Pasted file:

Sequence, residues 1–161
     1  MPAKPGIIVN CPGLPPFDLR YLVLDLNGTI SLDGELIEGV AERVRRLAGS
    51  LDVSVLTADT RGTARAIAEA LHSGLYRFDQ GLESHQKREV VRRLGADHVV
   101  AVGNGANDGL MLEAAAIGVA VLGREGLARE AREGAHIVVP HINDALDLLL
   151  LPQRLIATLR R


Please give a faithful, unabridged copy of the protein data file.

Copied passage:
Sequence, residues 1–161
     1  MPAKPGIIVN CPGLPPFDLR YLVLDLNGTI SLDGELIEGV AERVRRLAGS
    51  LDVSVLTADT RGTARAIAEA LHSGLYRFDQ GLESHQKREV VRRLGADHVV
   101  AVGNGANDGL MLEAAAIGVA VLGREGLARE AREGAHIVVP HINDALDLLL
   151  LPQRLIATLR R